They need longer-term and sustainable sanitation solutions There are 7,275 hand pumps in the refugee campsites,

  • 80% functional hand pumps.
  • 99% of refugee populations live within 200 meters of functioning hand pumps.
  • 3,275 of the hand pumps are in landslide or flood-prone refugee campsites.
  • Escherichia coli has spread to 42% of water samples (Dec 2017).

UMR Interventions

UMR, in coordination with partners, works to provide ambulatory medical care to Rohingya refugees. Bangladesh has authorized very few medical teams and we are one of them. The government lets us treat young children who would otherwise get diseases that are easy to avoid. Such as the flu, which is lethal in camp settings. 

We coordinate with Bangladeshi NGOs for medical staff and logistics support to gain access to the internal parts of the camp. UN’s health cluster and volunteer doctors hired through IMANA is running this project.

Since its beginning in 2017, our project has helped many Rohingya refugees.

As COVID-19 spreads, experts expect that:

“This pandemic might give Bangladesh a decades-long setback.”

Families live with up to 10 people in one room in the sweltering heat, making social distancing impossible. 

With numbers upward of 19,000 confirmed cases of the virus in Bangladesh, it is only a matter of time before it spreads throughout the entire camp. 

Click to Read More:

UMR Institute

UMR Institute: Operates domestically and internationally as an institutional context for capacity building for organizations and local communities and serve as a nonprofit incubator that forms young leaders in the Nonprofit sector, charity, voluntarism, philanthropy, and social entrepreneurship champions. In this context, UMR Institute will collaborate with its partners for external resources and training materials. Furthermore, UMR Institute will serve as a think tank for UMR by providing research and evidence-based rationale for UMR work by exploring the community needs and social investment potential and providing the feasibility and funding potential when needed, and also through being a monitoring and evaluation platform that tracks and measures the impact of UMR projects worldwide and provide post-implementation assessments and recommendations. The Institute will also help align UMR’s work with the UN Sustainable Development Goals (SDGs).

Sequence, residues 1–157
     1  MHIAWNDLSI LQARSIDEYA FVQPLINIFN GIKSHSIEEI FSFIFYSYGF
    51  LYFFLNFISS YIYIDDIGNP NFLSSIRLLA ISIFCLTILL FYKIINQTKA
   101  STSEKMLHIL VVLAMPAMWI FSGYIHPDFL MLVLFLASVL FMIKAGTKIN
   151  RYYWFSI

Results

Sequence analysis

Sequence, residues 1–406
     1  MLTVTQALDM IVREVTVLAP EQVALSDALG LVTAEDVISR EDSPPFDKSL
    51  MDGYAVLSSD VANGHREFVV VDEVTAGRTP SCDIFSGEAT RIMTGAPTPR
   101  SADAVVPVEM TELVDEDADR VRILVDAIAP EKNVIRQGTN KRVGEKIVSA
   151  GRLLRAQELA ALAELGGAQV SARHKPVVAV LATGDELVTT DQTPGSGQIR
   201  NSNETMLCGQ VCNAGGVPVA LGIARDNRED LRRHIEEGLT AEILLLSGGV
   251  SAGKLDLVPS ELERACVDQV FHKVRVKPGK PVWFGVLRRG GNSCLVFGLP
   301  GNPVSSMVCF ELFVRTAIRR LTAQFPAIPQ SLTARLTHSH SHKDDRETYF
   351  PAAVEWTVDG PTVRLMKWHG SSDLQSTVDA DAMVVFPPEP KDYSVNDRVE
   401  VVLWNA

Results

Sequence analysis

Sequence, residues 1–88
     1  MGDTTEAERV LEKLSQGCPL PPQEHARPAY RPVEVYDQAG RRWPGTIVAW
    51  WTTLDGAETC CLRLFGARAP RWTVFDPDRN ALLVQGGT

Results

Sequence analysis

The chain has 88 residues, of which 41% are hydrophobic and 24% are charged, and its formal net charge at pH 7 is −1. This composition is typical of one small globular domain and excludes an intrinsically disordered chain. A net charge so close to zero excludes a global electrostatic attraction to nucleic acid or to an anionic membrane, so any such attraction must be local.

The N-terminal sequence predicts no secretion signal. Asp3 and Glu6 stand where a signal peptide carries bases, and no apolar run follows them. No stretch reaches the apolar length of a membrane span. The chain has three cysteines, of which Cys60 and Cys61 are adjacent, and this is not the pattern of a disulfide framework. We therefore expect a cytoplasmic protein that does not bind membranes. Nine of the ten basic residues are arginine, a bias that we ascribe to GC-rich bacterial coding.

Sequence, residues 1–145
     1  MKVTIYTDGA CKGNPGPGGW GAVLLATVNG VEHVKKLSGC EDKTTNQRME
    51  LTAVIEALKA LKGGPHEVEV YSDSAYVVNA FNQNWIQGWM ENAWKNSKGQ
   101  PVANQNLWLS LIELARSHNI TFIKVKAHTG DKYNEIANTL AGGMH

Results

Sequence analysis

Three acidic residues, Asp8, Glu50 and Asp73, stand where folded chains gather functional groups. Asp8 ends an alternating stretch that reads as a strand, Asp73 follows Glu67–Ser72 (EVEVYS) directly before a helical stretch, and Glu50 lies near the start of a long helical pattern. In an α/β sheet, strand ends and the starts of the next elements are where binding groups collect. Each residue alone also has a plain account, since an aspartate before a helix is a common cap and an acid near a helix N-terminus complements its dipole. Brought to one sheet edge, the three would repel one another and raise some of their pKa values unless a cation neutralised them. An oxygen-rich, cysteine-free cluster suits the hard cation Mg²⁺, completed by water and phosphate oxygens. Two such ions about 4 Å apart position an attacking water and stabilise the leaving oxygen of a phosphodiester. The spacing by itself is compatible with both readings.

Syrian Refugee Medical Missions (Jordan)

Working with our field office in Jordan we have sent a number of medical shipments to assist Syrian refugees. As well as sending medicine to tackle chronic diseases such as diabetes and high blood pressure, we supply essential medical supplies including syringes, aluminum canes, crutches, hip arthroscopy kits, oxygen masks and surgical packs.

In coordination with our partners, UMR also conducts cataract surgeries in Jordan. Each mission involves highly qualified and experienced doctors from the US who worked with their counterparts at Shami Eye Center, Amman and conduct surgeries.The Save Syria Medical Mission, implemented in conjunction with IMANA, is an ongoing project that brings volunteer doctors to provide low-cost primary and acute care to refugees of all nationalities that reside in Jordan.Services are provided in the Zarqa and Mafraq governates of Jordan. In 2018, UMR and IMANA provided health consultancies and primary health services to 6,500 patients primarily from Syrian and Palestinian refugee backgrounds.

East Africa Emergency Appeal

In Somalia, poverty, armed conflict, political instability and natural disasters continue to drive humanitarian needs. Diminishing water sources caused livestock to perish and crops to wither and die, further deteriorating cases of malnutrition, dehydration and starvation. The number of people in need of humanitarian assistance reached 5 million, which is more than 40% of the entire population. Over 1.1 million people are internally displaced, and Somalia remains one of the poorest and most food-deprived nations in the world.

UMR launched a project to provide immediate assistance to drought-affected IDPs and host communities in and around Mogadishu and Luug District, Gedu region. The scheme enabled people to access food as they waited for additional humanitarian interventions. The project helped feed 3,000 beneficiaries. UMR used World Food Program’s (WFP) support to improve food security through the SCOPE approach. This project targeted the most vulnerable IDPs passing through or staying in the region. It also registered beneficiaries from the IDP camp as well vulnerable households. The targeted beneficiaries received family/household rations equivalent to the ones delivered by WFP and recommended by the Somalia Food Security Cluster. The quota included 25kgs of rice, 25kgs of sugar, 5 liters of cooking oil, 2kgs of tea leaves and 5kgs of powdered milk.